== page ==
Year-round activism against gender-based violence needed to achieve ultimate goal of free and safe movement for all
“Join hands, stand against rape” is the South Sudanese national theme for this year’s campaign of 16 days of activism against gender-based violence. Crude evidence suggests that short-term measures to enable women to stay close to home are necessary to keep them out of harm’s way.
“I’m safe because I don’t move very far to collect firewood because of the technology [fuel-efficient stoves] given to me by the United Nations Food and Agriculture Organization, but for other women in Yei the place is risky. Sometimes they are raped by unknown gunmen [when they are fetching kindling to cook or sell],” says 39-year-old Dudu Emelia Kenyi, adding that the frequency of such heinous incidents “depends on how often the women go to collect” wooden fuel.
Deeply and culturally ingrained impunity, it seems, is a major factor contributing to this frightening reality. At the Juba launch of the campaign against gender-based violence, this was highlighted by both the Police Commissioner and David Shearer, the Special Representative of the Secretary-General of the United Nations Mission in South Sudan.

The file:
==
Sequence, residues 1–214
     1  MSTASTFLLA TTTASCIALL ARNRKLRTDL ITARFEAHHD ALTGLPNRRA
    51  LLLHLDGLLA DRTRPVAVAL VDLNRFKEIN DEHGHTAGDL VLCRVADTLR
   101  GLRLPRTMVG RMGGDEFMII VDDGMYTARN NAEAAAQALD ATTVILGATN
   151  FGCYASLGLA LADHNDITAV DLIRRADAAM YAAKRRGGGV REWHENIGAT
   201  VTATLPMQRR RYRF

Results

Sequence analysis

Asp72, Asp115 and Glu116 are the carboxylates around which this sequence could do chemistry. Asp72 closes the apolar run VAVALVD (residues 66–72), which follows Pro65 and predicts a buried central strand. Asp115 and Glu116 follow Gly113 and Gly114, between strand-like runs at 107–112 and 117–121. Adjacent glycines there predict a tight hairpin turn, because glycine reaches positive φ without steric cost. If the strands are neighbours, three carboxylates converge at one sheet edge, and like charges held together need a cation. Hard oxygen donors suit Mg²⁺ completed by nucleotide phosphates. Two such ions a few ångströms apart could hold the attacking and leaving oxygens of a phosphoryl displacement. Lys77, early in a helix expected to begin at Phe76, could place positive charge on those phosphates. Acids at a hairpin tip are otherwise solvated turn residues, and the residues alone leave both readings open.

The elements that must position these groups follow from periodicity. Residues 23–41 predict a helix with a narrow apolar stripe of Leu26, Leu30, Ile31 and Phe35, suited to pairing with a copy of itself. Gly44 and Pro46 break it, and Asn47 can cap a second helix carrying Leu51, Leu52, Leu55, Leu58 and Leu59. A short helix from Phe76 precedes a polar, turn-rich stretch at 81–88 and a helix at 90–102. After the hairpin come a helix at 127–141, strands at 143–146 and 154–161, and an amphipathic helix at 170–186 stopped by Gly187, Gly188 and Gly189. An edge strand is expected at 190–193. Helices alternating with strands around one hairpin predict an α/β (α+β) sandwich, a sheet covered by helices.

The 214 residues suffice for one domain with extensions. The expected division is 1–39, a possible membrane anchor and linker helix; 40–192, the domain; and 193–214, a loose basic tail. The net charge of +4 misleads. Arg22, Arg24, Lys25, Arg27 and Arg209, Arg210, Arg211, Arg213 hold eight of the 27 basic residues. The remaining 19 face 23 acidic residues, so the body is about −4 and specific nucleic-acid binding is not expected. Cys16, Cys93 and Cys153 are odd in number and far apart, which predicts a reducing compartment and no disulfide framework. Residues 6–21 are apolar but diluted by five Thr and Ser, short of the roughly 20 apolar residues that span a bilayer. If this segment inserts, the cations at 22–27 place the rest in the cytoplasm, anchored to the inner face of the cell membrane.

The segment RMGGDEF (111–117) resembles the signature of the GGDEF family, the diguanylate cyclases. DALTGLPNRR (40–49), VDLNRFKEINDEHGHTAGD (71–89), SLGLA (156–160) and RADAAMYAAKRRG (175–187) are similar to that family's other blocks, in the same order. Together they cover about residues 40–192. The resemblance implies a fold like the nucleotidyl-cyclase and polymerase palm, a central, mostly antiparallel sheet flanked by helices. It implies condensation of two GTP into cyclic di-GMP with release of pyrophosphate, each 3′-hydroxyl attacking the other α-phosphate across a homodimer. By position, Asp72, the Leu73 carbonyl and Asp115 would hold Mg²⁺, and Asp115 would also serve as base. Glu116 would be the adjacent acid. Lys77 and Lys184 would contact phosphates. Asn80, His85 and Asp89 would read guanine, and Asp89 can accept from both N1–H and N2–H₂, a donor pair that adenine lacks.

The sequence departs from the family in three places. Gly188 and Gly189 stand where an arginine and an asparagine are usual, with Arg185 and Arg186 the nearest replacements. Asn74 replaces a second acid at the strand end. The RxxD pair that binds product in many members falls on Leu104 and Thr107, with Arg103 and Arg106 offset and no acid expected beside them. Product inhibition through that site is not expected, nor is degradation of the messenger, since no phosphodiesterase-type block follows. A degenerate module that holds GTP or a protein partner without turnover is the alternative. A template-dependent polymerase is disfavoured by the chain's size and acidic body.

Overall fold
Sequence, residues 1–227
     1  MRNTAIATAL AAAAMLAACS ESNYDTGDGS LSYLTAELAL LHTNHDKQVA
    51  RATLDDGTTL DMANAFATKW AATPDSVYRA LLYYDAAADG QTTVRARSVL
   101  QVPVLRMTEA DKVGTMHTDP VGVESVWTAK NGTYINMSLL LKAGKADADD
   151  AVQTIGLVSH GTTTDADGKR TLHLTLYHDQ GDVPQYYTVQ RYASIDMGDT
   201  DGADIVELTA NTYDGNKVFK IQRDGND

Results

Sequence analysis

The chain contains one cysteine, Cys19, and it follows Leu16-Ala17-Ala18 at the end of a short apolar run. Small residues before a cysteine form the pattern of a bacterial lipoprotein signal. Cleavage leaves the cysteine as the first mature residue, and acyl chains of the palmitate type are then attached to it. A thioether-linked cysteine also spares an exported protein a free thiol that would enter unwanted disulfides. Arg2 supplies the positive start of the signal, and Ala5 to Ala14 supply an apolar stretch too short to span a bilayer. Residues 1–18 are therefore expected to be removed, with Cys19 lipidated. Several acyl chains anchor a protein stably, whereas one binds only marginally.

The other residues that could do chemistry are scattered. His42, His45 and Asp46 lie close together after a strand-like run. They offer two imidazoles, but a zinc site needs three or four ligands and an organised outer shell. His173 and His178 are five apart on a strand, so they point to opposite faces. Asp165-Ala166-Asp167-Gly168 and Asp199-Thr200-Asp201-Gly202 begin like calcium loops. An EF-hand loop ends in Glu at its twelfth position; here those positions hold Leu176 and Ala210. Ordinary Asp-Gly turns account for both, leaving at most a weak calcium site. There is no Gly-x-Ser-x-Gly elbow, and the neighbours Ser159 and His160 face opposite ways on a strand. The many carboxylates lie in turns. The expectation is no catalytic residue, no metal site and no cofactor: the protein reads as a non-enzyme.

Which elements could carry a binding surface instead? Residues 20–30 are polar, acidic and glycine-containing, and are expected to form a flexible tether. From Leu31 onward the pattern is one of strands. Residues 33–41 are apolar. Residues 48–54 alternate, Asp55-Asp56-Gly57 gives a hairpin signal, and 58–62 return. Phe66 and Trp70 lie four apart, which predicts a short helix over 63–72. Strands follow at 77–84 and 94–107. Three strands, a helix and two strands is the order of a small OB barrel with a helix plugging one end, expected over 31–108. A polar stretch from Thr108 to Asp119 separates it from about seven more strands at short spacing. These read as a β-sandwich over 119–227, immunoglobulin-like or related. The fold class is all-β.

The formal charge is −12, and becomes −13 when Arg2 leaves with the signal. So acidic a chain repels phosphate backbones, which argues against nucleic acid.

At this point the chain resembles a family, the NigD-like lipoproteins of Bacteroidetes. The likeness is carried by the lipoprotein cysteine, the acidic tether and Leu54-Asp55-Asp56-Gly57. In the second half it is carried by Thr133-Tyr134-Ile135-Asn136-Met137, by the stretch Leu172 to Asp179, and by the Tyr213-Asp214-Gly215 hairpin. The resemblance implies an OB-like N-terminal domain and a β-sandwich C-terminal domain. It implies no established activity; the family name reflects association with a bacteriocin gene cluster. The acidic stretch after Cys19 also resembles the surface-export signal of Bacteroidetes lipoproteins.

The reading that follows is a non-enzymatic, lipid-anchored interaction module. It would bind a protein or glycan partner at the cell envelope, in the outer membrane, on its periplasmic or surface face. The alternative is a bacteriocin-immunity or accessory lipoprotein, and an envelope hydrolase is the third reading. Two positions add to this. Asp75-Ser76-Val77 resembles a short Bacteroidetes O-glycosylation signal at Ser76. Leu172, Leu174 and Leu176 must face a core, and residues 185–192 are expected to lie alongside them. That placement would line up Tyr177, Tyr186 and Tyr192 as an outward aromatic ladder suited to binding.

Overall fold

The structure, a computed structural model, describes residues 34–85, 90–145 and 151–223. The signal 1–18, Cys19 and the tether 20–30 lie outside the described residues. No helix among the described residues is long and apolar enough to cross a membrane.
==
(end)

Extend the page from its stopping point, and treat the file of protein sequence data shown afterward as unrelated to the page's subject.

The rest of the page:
“Stand up against rape is about turning decades of inaction into a tangible, global sisterhood that is getting stronger and telling perpetrators that their time is up,” affirmed Police Commissioner Unaisi Lutu Vuniwaqa.
And while this won’t happen overnight, there are glimmers of hope, not least in the shape of the mobile courts with which the peacekeeping mission has helped the South Sudanese judiciary tour parts of the country. In Bentiu, Malakal and Rumbek, judicial officers have tried cases of sexual violence and other serious crimes, with more towns scheduled to benefit from the same vital services.
“This [the mobile courts] gives people an opportunity to see justice being done,” David Shearer said. “There is an appetite for justice, and the repercussions [in the community when someone is held accountable] are huge, because suddenly impunity is no longer the norm,” he added.